September 2015
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Heather Gaddis, Academic Coordinator of Educational Technology, Colegio Fontanar, Queretaro, Mexico

In 1987, Chickering and Gamson published an article entitled "Seven Principles for Good Practice in Undergraduate Education," which has been widely used to evaluate face-to-face classes. This article takes four of the principles from this article and applies them to the online teaching context. The principles covered focus on clear deadlines, prompt feedback, active learning, and high expectations.

Principle 1: Instruction should include clear deadlines.

In Chickering and Gamson’s (1987) original list, this principle is most closely related to emphasizing time on task. While the role that an online instructor has in helping students learn time management may be different from that of a traditional professor, having clear deadlines can be helpful for students. For instance, in addition to having clear deadlines at the end of assignments, it is also important to have intermediate deadlines. As Graham, Cagiltay, Lim, Craner, and Duffy (2001) point out, having deadlines creates a point of contact between professor and students.

Having deadlines for components of a large project rather than for only the final product will help the professor monitor students’ progress. Creating intermediate deadlines will also help to create more points of contact between students because it will ensure that students follow the steps of an assignment without getting lost and that they engage with their fellow students in the online environment. This can be especially helpful in discussion assignments where some students will post at the beginning of the assignment period and then never return to the discussion forum to see other students’ contributions. By requiring students to post once by a certain date and then respond to a classmate at a later date, it is more likely they will read and reflect on their classmates’ work.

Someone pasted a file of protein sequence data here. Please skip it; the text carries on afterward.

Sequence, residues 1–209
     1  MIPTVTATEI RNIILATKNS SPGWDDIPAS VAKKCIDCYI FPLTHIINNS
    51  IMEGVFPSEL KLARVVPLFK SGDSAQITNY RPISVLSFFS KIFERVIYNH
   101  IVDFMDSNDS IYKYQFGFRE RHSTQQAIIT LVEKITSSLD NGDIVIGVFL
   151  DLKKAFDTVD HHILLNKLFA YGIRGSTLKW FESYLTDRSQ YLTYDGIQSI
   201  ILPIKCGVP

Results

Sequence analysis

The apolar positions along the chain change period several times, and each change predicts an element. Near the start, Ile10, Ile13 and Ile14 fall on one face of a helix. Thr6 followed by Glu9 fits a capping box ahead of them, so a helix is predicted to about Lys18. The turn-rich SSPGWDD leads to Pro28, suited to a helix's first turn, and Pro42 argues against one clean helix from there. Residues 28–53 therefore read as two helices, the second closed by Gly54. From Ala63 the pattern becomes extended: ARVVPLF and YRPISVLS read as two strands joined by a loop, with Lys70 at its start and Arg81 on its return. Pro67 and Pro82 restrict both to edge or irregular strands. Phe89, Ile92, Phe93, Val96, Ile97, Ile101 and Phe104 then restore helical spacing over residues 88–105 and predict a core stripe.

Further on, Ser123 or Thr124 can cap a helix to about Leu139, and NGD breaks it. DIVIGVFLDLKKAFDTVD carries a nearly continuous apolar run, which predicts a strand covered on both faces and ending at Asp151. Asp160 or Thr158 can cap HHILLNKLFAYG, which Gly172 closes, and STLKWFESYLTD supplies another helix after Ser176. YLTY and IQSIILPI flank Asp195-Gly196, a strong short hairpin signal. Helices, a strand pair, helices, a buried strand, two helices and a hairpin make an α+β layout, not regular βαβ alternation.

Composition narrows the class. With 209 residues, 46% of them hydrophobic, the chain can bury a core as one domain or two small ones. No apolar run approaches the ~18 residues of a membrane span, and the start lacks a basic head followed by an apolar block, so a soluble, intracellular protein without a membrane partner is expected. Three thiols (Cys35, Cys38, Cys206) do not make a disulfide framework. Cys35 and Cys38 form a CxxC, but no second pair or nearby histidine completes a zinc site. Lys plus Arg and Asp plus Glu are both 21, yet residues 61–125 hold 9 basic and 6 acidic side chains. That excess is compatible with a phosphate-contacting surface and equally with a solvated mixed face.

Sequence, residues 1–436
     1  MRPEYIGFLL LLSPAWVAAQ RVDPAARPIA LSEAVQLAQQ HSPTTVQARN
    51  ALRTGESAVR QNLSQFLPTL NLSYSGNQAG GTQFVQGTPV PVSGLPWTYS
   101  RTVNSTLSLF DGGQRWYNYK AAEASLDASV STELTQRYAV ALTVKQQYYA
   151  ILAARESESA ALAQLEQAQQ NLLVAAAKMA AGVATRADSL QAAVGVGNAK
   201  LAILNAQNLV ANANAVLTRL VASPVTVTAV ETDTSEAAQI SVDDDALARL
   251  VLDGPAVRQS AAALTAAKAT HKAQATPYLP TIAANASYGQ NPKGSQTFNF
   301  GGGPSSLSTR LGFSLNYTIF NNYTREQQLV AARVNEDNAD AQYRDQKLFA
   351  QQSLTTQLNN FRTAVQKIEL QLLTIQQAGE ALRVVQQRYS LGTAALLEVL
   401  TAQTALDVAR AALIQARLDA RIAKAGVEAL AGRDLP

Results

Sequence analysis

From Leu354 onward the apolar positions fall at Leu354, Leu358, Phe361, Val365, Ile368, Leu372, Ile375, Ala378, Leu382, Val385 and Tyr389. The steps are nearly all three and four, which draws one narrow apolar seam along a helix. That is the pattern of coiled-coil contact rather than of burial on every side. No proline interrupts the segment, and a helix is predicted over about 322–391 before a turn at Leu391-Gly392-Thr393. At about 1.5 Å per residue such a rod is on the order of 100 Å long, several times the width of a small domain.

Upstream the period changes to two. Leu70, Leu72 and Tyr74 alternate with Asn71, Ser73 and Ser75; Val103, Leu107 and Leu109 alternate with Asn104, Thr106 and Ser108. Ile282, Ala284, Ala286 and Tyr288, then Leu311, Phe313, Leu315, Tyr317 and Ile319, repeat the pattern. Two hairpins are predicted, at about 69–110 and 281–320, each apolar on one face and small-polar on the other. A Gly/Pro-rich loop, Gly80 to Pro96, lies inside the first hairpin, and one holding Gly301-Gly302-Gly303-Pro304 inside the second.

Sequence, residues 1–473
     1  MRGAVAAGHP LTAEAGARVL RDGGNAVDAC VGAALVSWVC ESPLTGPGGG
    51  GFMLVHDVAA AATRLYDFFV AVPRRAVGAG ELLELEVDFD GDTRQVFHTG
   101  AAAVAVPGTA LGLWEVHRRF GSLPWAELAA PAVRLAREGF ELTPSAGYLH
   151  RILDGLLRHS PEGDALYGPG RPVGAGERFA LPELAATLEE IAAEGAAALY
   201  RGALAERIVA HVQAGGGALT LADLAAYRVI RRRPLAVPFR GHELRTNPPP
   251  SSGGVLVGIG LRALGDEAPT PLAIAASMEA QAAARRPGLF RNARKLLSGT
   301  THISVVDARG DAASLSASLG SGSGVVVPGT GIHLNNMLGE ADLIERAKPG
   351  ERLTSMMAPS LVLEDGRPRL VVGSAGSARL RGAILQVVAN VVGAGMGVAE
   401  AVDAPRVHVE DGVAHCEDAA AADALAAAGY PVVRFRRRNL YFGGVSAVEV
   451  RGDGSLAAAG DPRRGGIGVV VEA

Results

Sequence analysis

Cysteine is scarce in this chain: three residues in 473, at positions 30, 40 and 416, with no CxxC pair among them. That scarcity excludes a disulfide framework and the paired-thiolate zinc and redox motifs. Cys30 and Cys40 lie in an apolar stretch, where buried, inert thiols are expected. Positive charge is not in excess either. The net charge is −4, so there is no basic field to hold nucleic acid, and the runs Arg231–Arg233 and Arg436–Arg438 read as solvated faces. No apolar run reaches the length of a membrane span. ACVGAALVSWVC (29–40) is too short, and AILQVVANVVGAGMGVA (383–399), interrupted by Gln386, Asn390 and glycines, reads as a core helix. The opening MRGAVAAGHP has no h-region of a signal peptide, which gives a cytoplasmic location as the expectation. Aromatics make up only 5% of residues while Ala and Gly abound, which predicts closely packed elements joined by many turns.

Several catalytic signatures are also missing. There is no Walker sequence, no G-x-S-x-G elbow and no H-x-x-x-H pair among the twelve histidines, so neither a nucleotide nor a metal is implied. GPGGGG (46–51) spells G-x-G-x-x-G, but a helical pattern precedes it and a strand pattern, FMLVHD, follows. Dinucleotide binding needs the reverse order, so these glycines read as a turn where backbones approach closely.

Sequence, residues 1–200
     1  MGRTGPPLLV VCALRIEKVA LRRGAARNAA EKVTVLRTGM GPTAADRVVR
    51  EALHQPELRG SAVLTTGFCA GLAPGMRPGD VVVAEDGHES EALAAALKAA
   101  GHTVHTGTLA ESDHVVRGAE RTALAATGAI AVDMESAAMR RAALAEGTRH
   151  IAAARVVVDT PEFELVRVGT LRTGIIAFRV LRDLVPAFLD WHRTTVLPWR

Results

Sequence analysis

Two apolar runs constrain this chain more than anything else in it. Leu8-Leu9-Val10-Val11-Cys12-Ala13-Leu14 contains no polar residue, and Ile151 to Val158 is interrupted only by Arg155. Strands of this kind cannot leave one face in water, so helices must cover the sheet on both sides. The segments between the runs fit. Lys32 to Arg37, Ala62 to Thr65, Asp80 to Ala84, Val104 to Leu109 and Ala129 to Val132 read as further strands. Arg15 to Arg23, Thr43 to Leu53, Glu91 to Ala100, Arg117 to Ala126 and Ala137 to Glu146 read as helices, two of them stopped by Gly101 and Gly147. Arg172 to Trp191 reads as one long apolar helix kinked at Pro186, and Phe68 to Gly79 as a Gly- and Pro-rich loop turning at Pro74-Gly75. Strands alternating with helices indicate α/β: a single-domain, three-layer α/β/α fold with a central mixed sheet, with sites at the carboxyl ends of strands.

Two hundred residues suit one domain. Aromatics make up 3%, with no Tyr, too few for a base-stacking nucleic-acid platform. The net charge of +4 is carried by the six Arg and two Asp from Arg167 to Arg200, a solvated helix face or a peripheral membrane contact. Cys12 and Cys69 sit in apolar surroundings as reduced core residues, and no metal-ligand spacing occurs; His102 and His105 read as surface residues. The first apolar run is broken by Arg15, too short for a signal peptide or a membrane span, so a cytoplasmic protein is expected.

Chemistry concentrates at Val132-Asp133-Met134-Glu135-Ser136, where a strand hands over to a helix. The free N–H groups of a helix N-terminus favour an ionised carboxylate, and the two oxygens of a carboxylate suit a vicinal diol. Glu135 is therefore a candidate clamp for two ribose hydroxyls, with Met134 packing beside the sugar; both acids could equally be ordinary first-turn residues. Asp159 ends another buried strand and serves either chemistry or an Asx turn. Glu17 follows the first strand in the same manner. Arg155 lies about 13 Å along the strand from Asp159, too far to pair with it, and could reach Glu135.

Principle 2: Instruction should include prompt feedback and course progress indicators.

This principle focuses on what Graham et al. (2001) refer to as information and acknowledgment feedback. Without face-to-face contact, it becomes even more critical for professors to inform students of their progress via prompt information feedback. Information feedback in forums and other discussion assignments also allows student to know that the professor is there and lets the professor guide the discussion when necessary. In addition, without the ability to physically give a professor an assignment, students also need to know that an assignment has been received to avoid confusion.

This type of feedback can be given by the instructor via email or through the course management system used. For example, many course management systems allow professors to attach feedback to the original assignment via annotations or file uploads. A professor could upload the rubric used to grade the assignment with the student’s grade for each criterion highlighted or marked.

Finally, when appropriate, feedback should be linked to a course progress indicator system so that students can keep track of how they are doing in a course. Such a tool would also give the instructor an easier way to monitor students who may need an extra support.

Principle 3: Instruction should include tasks that promote active learning.